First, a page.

Auto industry to shift gears due to challenges of self-driving vehicles

17 January 2018

Global vehicle sales are set to peak in the next decade, as wide ranging mega-trends, from electrification to on-demand mobility, change the way vehicles operate and are consumed. The effects will be felt by a wide range of players in the current automotive ecosystem, as demand shifts towards suppliers of components for electrification and automation, while whole new sharing related industries are set to arise.

The research related to the effect of various mega-trends in the automotive industry results from The Boston Consulting Group. The automotive industry, according to the firm’s analysis, various megatrends, as technological, social and environmental pressures shift the industry. Electrification remains a key force, as societies seek to meet climate change conditions, while further lowering the impact of vehicles on health. A further shift is expected from autonomous driving reducing the number of vehicles required as well as accidents, while connectivity impacts vehicle related services.

However, just as technology creates additional possibilities, it also presents challenges within the existing social sphere. These changes will potentially usher in a new transport era, focused increasingly on sharing, urbanisation and how people work, as well as a shift in the regulatory landscape to improve the atmosphere within cities and the effect of vehicles on the environment and human health, as the automotive industry heads into the next decade.New vehicle growth to slumpThe growth of the vehicle market previously seemed to some to be bottomless, with various booms, and dips, seeing the market increase its yearly new sales from zero at the turn of last century to almost 95 million units in 2017. However, the relative inefficiency of the market, with many vehicles spending the day idle while seats filled per trip remain low, means that considerable opportunity exists to transform the vehicle mobility model – particularly in light of automation and digitalisation.

The net effect of the trend to improve vehicle usage, could see an end to focus on individual car ownership, with total new vehicles sales therefore, expected to slump in the years ahead. The technological and social changes are expected to increasingly impact the automotive industry going forward. Electrification, for instance, will mean that by 2030 around half of new cars sold will be some form of electric vehicle, radically changing key supplier relationships for OEMs as well as implying considerable investment into new models for the industry.Electrification, automation and on-demand pickupSelf-driving cars will account for around 11% of the vehicle fleet by 2030, with both personal and taxi variants on the road ahead. The social aspect of changes is expected to see around 9% of all trips be made by some form of mobility service.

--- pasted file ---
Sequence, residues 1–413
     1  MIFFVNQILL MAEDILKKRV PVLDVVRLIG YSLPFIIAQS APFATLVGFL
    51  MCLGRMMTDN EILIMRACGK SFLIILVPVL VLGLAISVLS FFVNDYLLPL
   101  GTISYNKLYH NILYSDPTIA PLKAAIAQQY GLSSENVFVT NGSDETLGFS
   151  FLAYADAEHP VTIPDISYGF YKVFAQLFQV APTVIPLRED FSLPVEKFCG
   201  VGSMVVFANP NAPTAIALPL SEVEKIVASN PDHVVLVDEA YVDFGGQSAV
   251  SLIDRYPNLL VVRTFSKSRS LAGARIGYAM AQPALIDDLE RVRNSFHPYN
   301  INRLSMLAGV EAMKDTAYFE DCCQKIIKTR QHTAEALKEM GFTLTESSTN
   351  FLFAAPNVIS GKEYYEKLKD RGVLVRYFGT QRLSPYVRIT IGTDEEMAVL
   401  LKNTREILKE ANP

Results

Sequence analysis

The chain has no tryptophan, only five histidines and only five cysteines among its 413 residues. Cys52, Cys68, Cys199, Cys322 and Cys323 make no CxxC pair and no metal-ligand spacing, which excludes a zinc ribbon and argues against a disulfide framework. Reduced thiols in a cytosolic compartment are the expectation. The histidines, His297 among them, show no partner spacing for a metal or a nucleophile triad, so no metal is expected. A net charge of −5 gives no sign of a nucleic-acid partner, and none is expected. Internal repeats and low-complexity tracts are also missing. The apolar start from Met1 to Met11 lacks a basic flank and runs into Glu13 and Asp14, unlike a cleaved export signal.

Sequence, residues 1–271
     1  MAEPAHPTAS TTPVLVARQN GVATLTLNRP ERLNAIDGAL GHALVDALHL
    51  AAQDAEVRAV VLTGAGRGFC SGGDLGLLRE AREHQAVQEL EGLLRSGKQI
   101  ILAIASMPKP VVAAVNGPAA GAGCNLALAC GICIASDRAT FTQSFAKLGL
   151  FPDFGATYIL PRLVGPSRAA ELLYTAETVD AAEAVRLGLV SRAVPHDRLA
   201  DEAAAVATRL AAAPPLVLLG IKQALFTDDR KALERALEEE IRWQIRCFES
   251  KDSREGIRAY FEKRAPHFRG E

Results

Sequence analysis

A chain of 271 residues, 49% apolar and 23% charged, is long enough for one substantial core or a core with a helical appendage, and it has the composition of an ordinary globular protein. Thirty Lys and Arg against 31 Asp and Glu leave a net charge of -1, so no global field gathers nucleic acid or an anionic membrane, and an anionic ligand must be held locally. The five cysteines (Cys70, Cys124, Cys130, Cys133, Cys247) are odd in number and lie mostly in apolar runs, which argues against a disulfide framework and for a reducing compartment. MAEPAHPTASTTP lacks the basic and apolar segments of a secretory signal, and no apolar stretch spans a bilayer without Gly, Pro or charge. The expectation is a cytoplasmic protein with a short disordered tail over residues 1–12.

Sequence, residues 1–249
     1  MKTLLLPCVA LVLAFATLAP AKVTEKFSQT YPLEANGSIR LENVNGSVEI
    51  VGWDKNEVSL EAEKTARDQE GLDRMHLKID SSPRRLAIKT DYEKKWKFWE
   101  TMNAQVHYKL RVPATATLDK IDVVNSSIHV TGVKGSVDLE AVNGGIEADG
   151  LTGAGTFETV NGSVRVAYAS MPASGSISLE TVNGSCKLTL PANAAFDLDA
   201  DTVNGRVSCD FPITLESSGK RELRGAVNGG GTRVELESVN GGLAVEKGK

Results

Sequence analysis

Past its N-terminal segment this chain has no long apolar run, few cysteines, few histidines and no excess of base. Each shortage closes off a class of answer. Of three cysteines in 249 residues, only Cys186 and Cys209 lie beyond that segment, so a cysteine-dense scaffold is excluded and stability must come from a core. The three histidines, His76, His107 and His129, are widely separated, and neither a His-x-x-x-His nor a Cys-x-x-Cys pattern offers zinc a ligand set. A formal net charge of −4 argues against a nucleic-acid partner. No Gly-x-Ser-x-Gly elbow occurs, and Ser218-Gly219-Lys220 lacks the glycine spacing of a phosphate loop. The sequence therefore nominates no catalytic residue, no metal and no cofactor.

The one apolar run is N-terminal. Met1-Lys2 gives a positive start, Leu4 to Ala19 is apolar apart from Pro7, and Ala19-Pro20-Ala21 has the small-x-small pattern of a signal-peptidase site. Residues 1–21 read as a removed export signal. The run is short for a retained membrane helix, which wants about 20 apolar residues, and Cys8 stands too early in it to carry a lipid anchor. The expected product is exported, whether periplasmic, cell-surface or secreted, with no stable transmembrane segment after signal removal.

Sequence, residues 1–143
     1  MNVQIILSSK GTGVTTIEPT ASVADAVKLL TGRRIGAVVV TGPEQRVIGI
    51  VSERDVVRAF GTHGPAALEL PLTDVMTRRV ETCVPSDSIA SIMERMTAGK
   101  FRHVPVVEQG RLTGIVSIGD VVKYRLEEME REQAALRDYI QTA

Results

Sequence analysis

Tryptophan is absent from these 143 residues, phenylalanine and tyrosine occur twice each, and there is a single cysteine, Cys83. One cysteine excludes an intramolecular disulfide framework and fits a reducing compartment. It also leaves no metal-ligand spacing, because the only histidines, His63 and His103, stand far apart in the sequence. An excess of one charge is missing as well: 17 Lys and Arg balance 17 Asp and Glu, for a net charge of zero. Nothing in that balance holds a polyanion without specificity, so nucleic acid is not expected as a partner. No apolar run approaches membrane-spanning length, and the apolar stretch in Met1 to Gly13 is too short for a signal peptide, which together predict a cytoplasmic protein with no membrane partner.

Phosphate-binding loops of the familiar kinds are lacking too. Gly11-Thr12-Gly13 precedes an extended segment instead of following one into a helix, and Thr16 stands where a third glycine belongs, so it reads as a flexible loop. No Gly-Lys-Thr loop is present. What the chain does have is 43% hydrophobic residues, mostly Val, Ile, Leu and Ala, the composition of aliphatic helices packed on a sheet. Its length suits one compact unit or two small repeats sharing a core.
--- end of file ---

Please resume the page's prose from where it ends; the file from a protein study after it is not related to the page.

Shifting profits

The research shows that current automotive manufactures, incumbent suppliers and various auxiliary players represent the majority of the around $226 billion industry profit pool. New car sales represent around $79 billion in profit, followed by suppliers on $67 billion. The emerging profit pools, emerging from the key mega trends, meanwhile, remain tiny in comparison at around ~2 billion in profit.Future profit growthThe future is likely to see a considerable shift in terms of key profit segments, with on-demand mobility profit up an ~10% per annum to $76 billion by 2035, while new electric car sales could top $21 billion in profit. AV and BEV components, meanwhile, will generate around $26 billion in profit, while classic components will see profitability stagnate. OEM ICE and hybrid manufacturers, will see their new car sale profit decline by around $19 billion by 2025. Financing and the aftermarket will remain relatively stable at $33 billion and $66 billion respectively.

Commenting on the changes, Thomas Dauner, Global Leader of BCG’s automotive practice and a co-author of the study, said, “Incumbent automotive OEMs and suppliers need to lay the groundwork today in order for their companies to thrive in a market that will undergo fundamental changes over the next 15 years. OEMs will find their competitive positions under attack by newly empowered market players, including suppliers, on-demand platforms, and tech giants, as well as cities that play an increasingly active role in mobility.”

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Four ways digitalisation is transforming car brands and dealers

16 April 2019